Good morning to everybody. Thank you for appearing.
We're here, pursuant to Standing Order 108(2), for a study on measures to enhance credit availability and the stability of the Canadian financial system.
I'll provide the witnesses with five minutes. Perhaps you can keep it to five minutes, and I'll try to indicate that you have a minute left when you're making your presentation. If you can stick to the time allotted to you, it would really be appreciated; the members will want to ask questions.
I have a list of witnesses here, and we can start with the Tricor Automotive Group.
Mr. Campbell, I think you're ready, so go ahead.
, and thank you, Mr. Chairman.
On behalf of the over 6,500 employees who work for the dealerships that make up the Tricor Auto Group, I want to thank you and the committee for your efforts in addressing the gaps currently in the credit markets that are imperilling our industry.
My name is Joe Campbell, and I am president of the Tricor Automotive Group. I am joined today by Mr. Brian Rodd, who is president and CEO of Securcor Financial Group.
Let me begin with some background on Tricor and who we are.
Tricor represents over 100 franchised automobile dealerships from coast to coast in Canada, with annual sales of over $4 billion. Most of you will have a Tricor dealership in your riding. Tricor is your local dealership, from which many of you would have purchased or leased your new or used car over the last number of years. Tricor represents all the major automotive brands, both domestic and imported.
Tricor's business plan was and is based upon a unique model of individual accountability and risk management. It is this model of accountability that has resulted in an industry-leading track record that includes the successful operation of a reinsurance company for over 20 years and the successful operation of an auto management company, Tricor Automotive Group,
Otherwise known as TAG, for the last 10 years, the successful operation of our own finance company, Tricor Lease and Finance Corporation, or TLFC, has generated over $250 million in loans over the last eight years while maintaining a delinquency rate well below industry norms. This accomplishment has been achieved despite these difficult economic times.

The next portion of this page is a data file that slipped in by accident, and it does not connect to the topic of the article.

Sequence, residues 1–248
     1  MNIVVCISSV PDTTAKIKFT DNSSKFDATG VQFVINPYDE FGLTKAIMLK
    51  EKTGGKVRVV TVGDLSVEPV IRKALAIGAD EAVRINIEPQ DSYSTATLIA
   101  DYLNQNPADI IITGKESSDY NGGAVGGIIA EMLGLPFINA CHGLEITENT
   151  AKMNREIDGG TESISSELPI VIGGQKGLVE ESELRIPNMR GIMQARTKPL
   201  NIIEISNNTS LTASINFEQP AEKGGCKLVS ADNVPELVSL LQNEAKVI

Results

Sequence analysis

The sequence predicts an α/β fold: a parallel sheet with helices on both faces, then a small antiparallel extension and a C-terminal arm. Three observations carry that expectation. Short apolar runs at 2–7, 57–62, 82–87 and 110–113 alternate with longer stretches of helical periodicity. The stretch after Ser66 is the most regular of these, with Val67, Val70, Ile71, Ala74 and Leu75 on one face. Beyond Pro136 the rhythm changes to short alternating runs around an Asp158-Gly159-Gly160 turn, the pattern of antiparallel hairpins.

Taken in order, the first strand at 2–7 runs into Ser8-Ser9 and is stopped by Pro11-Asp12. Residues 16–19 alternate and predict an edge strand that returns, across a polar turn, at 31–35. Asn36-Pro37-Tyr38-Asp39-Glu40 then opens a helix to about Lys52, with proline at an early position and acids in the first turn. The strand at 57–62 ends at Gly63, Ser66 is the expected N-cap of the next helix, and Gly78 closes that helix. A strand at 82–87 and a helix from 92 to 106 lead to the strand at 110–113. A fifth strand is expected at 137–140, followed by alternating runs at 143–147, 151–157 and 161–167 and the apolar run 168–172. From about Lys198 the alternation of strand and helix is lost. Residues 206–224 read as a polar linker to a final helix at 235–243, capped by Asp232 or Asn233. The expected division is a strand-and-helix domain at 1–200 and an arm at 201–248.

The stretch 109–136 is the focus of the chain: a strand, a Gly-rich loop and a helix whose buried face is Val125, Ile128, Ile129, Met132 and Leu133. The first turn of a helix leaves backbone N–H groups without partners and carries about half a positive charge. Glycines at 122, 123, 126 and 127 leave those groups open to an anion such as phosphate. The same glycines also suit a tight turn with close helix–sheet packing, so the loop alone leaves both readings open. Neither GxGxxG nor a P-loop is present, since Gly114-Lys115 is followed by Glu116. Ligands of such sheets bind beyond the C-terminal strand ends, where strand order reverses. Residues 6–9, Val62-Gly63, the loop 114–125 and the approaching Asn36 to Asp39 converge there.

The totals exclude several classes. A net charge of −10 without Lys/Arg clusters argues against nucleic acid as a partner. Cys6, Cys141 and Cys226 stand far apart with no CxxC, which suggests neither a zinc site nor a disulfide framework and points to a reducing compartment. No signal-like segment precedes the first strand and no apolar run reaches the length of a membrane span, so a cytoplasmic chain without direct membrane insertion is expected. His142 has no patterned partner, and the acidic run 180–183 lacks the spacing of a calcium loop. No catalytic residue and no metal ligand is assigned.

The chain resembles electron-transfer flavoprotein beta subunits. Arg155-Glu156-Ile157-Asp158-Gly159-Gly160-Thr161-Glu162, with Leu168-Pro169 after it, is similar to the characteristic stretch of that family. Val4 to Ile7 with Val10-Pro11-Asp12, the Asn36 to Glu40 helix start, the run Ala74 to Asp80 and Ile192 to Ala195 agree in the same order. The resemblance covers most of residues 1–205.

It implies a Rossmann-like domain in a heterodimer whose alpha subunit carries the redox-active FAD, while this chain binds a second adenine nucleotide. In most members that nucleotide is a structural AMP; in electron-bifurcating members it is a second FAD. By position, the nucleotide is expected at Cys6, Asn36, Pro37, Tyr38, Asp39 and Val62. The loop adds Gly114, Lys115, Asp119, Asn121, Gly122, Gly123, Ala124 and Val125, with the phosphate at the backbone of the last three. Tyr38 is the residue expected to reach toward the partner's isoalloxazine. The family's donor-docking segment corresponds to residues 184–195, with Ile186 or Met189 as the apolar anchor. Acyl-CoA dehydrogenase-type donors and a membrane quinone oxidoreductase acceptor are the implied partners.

Securcor is a Canadian-owned and managed financial services company that provides complete compliance verification between private securitization funders and the originators. In addition to serving in this compliance capacity for TLFC since its inception, Securcor has overseen and managed the origination of over $2.5 billion in auto and equipment leasing financing.
The questions before the committee today are, how did we get to where we are, and how can we help the committee solve the credit availability problem? The current credit crisis has permanently changed the playing field for dealers when looking to help their consumers finance their transportation needs. Captive finance companies and other private funders are no longer operating efficiently, and chartered banks have been unable to fill the void created.
Despite the fact that the Bank of Canada has significantly lowered the prime lending rate, its actions have not resulted in lower borrowing costs at the consumer level. Tricor is presently in the process of applying to become a chartered bank or financial institution. We believe this strategy is part of a longer-term plan to fill this gap in automotive financing in Canada. To fill the gap in the short term, however, we are working with the Department of Finance and the Business Development Bank to find solutions. The best and quickest solution would be for Tricor to make use of the credit facility that the federal government recently made available. In order to be able to make use of the facility, we need the flexibility and an understanding on the part of BDC to understand how the fundamentals of the automotive lending sector work. This understanding primarily involves recognition that with the dealerships accountable, and therefore everyone who is involved in the transaction having their interests properly aligned, risk can be mitigated and the operation can achieve and maintain success over the long run.